Today, on the Twooting podcast, we talked about having multiple Twitter accounts. It was a great conversation, and I’ve made it available for you here.
Figuring Out Multiple Accounts
There are several reasons why you might want to have more than one Twitter account.
- You have several Twitter goals and you can’t meet them with one account.
- You want to engage distinct and separate Twitter communities.
For example, you might want to have separate Twitter accounts for these conversations:
- Peers vs. clients. You may want to talk shop and exchange advice or tips with other people in your industry. You may not want to have those conversations in front of your clients.
- Clients vs. potential clients. You may talk more about benefits and the features of your services and products with potential clients, and talk nitty gritty details with your clients.
- Friends vs. business. You may want to arrange tweetups or chat with people you met at a tweetup and not do that in front of your clients.
- English vs. another language. If you speak more than one language, you may want to engage separate communities based on language.
Keep in mind that nothing you say on Twitter is ever private. So don’t get the wrong idea that if you have a separate account for peers and clients, for example, that you can trash talk your clients on your peer account, or vice versa.
There are also good reasons not to create separate accounts.
- You like having one voice. You like the transparency of saying “this is me” and sharing both personal and business information in the same account. It’s part of who you are, no matter whether you are talking business or personal.
- Your business is a personal business. For example, my friend @PhxREGuy sells real estate and has just one account because he believes his clients want to hear about his family activities interspersed with his real estate tips.
In the end, it’s a personal choice you make. There isn’t any right or wrong answer. It’s about what works for you, and that may change over time.
When I first started using two accounts (I have four today), I floundered and wondered if I had made a mistake about starting the second account. After some time where I experimented with different things, I found my groove with multiple accounts. I could have decided to go back to one account and I would have made that work, also. There is no right or wrong answer. It’s all about what works for you.
Mapping The Differences
If you want to give multiple accounts a try, or if you have multiple accounts and you aren’t quite happy with the results yet, here are some things to consider with managing multiple Twitter accounts.
- Account names. When possible, you want to have an appropriate name for your accounts. A nickname works well for a personal account, but might not help brand you with a business account.
- Account profiles. With two accounts, you need two different profiles, and two different avatars for people who might follow both accounts. Create a different Twitter landing pages for each account where you explain what you talk about in each account, and give each account an appropriate bio. You want to make it easy for someone who doesn’t already know you to figure out which account they want to follow.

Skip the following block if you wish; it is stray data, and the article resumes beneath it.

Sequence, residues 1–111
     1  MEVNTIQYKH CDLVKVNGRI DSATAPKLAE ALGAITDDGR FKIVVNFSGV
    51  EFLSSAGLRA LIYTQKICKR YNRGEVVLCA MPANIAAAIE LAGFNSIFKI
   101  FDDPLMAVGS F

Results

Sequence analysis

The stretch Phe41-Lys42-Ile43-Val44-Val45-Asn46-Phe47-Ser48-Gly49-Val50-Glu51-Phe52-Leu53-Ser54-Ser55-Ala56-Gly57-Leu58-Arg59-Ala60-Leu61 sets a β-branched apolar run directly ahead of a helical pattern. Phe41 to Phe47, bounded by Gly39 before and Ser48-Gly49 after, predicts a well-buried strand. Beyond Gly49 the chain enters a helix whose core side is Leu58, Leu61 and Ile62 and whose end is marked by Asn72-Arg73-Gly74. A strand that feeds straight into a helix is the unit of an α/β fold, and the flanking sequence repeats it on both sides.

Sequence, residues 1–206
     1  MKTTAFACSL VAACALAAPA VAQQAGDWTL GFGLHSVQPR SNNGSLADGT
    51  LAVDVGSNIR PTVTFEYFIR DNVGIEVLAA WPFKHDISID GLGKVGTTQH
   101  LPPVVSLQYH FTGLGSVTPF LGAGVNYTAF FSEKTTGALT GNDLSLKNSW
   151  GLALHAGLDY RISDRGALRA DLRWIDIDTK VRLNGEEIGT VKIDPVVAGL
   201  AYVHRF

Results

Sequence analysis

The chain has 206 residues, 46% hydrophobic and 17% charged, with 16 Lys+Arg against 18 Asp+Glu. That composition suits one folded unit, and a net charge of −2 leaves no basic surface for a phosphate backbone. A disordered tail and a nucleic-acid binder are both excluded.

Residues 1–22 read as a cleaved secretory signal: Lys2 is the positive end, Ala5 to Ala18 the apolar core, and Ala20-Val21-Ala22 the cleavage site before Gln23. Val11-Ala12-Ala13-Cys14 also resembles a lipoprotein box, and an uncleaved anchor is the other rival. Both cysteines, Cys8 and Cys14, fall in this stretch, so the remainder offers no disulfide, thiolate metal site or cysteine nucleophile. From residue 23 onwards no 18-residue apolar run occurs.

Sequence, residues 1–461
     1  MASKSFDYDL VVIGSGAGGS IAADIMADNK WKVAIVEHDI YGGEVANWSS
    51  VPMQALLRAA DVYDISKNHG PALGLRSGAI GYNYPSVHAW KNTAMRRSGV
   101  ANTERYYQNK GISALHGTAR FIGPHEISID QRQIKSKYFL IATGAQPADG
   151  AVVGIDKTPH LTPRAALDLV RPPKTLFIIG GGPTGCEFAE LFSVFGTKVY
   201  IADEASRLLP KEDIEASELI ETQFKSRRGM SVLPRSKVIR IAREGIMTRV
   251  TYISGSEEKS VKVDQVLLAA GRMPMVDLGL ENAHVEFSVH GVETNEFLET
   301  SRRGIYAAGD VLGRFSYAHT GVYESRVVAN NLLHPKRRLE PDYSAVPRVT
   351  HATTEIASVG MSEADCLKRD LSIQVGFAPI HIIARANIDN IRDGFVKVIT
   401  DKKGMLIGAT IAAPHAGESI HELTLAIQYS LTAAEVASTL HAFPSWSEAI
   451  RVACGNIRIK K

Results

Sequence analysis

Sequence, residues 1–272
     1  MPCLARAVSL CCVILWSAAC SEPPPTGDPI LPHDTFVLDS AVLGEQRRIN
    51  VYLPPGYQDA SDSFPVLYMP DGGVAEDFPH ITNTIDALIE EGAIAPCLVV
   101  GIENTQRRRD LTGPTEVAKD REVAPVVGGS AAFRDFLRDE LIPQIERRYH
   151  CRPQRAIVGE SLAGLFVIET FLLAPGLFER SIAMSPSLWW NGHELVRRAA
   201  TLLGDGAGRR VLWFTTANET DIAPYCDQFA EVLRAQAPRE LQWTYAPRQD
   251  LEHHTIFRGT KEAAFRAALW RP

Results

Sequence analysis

- Follow policy. Decide whom you want in your community, in your conversation zone, and set up your follow policy accordingly. For example, I limit the size of my personal account to the number of people I feel I can know and engage. However, for my business account, I want to connect to a community of my peers, so I follow everyone I meet in my industry. This means I can’t know the business account community members as well or engage them the same way I do with my personal account, but that’s okay. I still meet my account goal.
- What to tweet. Make a bulleted list of the kinds of tweets you make for each account. You may find there is a gray area, tweets that can go into both or either account. When you have a tweet in the gray area, think about the overlap between your communities. If you have a lot of overlap, I recommend that you make a choice and just tweet in one account. However, if you have little overlap, you can either: a) tweet in one and retweet in the other, or b) tweet the same tweet in both accounts, or c) tweet in both accounts, but rewrite it so it isn’t word for word the same.
- Figure our your tools. Unfortunately, Twitter.com doesn’t allow you to log into separate accounts at the same time. You must decide either to split your time between accounts, or find a tool that allows multiple accounts at the same time, such as Twhirl or Tweetie.
- Make sure you have enough time. It’s a lot of work to maintain two or more Twitter accounts. Not only is the conversation to maintain, but you have community management tasks for each account. I found it was a bigger time commitment than I expected.
Using Multiple Accounts
For many people and many situations, having multiple Twitter accounts is a good strategy. The challenge of finding a good set of tools and investing the time pays off because of the goals met. If you are thinking about trying multiple accounts, start first with one account. Get your feet wet and get some Twitter experience with a single account. Take what you have learned with one account to set up your multiple account strategy. Be prepared to experiment until you get a set up that really works. As a multiple account person, I’m very happy with the results I get from this strategy.
Your turn: Do you have multiple accounts? Here’s your chance to share with us what works for you, and what challenges you still face. Use the comments to this post to share your experience.